Although the title of this absolutely fantastic talk by Marco te Brömmelstroet is “Rethinking the mobility paradigm,” it can actually be watched as a short but fun class on the power of language, on simplification, forest engineering, road engineering, Homo economicus, efficiency, optimizing for the wrong thing, and the incorrect balance between machines and humans, which we are currently living under. I also encourage you to listen and possibly research further some of the writers and books he mentions, as the lessons about thinking in systems and “seeing like a state,” among others, can be applied to a variety of fields and cases, not just cycling infrastructure.
Brömmelstroet talks about the primeval forest and the optimized forest conceived around the idea of a “normal tree,” to make an analogy with the primeval street. Pre-car, the primeval street was the space between buildings, it was a public living room, a place to play, to walk. When cars were added, at scale, the street became optimized for the machine, marginalizing the human. A logic which started to solidify around institutions, laws, behaviours, and even the solid physical infrastructure.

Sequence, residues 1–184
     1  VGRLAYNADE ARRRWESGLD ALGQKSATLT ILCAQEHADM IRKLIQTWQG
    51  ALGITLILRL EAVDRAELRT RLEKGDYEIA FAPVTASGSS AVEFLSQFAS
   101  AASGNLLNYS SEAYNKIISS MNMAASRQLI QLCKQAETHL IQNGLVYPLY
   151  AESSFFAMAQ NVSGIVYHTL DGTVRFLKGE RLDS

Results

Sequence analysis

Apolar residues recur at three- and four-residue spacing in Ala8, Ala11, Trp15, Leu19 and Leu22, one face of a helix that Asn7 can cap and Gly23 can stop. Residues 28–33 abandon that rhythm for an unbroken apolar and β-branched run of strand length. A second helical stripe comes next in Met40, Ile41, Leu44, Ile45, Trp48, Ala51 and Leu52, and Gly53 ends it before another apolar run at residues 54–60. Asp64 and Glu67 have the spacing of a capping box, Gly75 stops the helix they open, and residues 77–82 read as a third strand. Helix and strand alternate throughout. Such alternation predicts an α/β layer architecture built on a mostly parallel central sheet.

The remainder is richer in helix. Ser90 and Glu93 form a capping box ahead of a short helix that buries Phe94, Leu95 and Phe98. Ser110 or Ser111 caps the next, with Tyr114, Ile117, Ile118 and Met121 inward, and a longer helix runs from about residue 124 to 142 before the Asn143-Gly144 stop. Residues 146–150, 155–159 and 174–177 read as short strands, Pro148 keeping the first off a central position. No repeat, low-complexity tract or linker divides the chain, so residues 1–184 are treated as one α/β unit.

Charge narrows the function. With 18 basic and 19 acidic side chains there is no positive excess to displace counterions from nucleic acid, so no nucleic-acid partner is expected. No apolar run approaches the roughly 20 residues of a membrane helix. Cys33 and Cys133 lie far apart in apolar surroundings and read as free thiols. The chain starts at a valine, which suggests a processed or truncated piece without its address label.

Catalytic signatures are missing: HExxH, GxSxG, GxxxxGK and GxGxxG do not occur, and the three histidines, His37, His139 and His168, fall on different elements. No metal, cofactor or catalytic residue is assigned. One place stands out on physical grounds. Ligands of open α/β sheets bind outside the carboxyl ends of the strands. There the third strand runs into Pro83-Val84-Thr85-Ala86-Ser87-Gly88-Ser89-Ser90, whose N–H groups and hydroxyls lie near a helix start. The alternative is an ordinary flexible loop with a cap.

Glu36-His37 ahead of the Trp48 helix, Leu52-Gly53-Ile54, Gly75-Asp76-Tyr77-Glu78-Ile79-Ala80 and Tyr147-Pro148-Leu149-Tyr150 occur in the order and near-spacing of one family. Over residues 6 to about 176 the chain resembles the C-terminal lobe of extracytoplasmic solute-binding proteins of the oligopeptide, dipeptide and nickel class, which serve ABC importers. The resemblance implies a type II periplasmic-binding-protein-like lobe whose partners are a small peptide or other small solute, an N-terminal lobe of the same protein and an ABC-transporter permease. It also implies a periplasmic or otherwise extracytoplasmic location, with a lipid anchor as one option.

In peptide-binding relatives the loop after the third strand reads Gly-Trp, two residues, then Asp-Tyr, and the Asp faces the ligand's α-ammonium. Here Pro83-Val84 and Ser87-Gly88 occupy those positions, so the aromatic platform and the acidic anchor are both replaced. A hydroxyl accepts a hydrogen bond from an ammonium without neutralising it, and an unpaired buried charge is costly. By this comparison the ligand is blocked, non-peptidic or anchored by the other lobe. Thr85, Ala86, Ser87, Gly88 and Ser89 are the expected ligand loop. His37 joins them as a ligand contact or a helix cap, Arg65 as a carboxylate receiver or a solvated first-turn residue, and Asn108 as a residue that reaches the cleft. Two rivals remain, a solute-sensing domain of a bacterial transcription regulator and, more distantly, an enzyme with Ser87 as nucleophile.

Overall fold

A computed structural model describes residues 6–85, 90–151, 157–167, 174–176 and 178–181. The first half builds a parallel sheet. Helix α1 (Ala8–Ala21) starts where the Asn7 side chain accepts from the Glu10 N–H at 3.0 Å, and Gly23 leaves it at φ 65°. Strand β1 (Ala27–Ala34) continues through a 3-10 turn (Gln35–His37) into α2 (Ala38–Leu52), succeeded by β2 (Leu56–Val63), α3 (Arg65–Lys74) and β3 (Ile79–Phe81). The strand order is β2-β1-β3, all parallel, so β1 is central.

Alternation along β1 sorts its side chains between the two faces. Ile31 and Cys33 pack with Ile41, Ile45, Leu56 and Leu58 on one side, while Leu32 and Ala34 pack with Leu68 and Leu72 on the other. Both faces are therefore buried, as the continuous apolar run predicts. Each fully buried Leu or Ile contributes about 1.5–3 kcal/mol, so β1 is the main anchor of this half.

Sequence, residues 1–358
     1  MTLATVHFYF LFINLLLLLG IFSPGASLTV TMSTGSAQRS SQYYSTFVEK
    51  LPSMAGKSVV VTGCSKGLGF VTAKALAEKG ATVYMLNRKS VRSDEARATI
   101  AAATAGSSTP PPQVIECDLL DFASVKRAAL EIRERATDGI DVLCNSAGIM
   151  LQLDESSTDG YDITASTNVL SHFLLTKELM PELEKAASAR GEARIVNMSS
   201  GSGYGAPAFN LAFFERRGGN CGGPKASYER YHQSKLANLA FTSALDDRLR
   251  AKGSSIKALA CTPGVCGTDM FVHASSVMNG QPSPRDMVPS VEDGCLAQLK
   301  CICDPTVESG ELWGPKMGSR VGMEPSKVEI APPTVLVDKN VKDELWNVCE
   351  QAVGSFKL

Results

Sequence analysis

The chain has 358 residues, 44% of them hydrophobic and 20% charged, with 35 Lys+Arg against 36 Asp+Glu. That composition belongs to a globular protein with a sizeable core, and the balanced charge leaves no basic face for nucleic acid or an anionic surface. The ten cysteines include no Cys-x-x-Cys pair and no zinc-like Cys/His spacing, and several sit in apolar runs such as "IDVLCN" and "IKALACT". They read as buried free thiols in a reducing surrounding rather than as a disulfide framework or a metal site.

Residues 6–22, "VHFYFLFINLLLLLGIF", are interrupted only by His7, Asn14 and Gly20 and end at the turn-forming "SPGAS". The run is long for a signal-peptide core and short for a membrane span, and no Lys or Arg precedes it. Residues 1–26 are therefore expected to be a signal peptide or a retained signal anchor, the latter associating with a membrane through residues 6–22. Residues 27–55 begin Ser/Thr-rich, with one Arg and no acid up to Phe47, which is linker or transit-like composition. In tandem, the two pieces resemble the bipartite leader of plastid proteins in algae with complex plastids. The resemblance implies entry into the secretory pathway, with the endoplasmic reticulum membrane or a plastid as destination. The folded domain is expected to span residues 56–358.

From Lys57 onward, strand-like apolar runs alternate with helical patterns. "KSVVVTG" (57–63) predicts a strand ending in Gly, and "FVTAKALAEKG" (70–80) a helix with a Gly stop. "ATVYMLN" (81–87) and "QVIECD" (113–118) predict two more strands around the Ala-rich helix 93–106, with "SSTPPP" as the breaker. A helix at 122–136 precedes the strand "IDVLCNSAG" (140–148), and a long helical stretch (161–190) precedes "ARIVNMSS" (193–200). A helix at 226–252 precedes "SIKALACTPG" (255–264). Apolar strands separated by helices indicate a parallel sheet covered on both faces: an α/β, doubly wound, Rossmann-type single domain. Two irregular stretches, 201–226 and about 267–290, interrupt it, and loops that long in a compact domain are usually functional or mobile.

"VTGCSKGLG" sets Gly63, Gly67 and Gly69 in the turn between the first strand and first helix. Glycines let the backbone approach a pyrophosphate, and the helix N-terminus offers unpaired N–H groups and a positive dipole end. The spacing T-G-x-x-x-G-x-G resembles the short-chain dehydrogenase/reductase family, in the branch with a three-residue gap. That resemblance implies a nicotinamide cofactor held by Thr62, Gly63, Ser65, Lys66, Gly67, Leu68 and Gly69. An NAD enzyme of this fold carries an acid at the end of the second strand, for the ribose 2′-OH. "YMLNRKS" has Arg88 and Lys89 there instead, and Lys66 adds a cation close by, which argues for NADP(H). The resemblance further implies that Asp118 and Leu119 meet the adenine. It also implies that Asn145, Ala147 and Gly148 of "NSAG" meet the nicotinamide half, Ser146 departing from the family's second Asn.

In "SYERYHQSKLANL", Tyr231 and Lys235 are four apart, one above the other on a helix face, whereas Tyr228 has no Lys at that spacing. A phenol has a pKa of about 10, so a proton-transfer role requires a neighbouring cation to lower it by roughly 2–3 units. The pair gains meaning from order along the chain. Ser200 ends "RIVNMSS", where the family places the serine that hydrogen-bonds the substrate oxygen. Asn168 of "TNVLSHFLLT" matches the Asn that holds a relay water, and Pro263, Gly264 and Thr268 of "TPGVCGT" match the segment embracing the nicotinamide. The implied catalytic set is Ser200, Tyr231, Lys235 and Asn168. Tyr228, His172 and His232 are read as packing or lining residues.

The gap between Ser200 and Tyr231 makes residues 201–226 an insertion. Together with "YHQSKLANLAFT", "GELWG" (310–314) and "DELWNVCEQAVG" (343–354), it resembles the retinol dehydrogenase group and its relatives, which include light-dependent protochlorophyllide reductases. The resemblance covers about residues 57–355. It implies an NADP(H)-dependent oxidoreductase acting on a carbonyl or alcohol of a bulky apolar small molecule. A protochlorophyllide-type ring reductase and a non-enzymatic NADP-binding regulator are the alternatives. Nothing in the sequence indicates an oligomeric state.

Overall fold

We moved from the primeval street to the production street where everything else had to go. [I]t solidified our imagination, the solidification is now complete, our imagination about the future of mobility is always about how to make it faster easier more comfortable cheaper and of course sustainable livable and safe.
Let’s not compress the whole talk in this post, you should take the 32 minutes to watch it, but I’ll finish with this quote below. While showing a video of a busy intersection in Amsterdam, Brömmelstroet asks us to see it not as a road engineer would, but as a sociologist, who would see people interacting in various ways, signalling to each other, negotiating, cohabitating. This sociologist would see many different people of many walks of life that are meeting each other in public space, being exposed to diversity, engaging with people outside of their bubble. And then:
[D]iversity brings this new lens to think about our streets and if you go into the literature there’s a huge list of potential effects: a higher sense of membership, a higher sense of influence, a higher sense of integration, the fulfillment of needs, shared emotional connections, a higher sense of being neighbours, if people are more exposed to each other collective efficacy goes up, citizen participation goes up, higher sense of community, higher sense of belonging, higher sense of place. But maybe the most important one, higher levels of trust.
That’s a lot of varied benefits just by considering actual cohabitation in the streets, human to human. He proposes a new language around cycling and mobility, focusing on different metrics, considering different outputs, and to “minimize the machine and let humanity thrive.”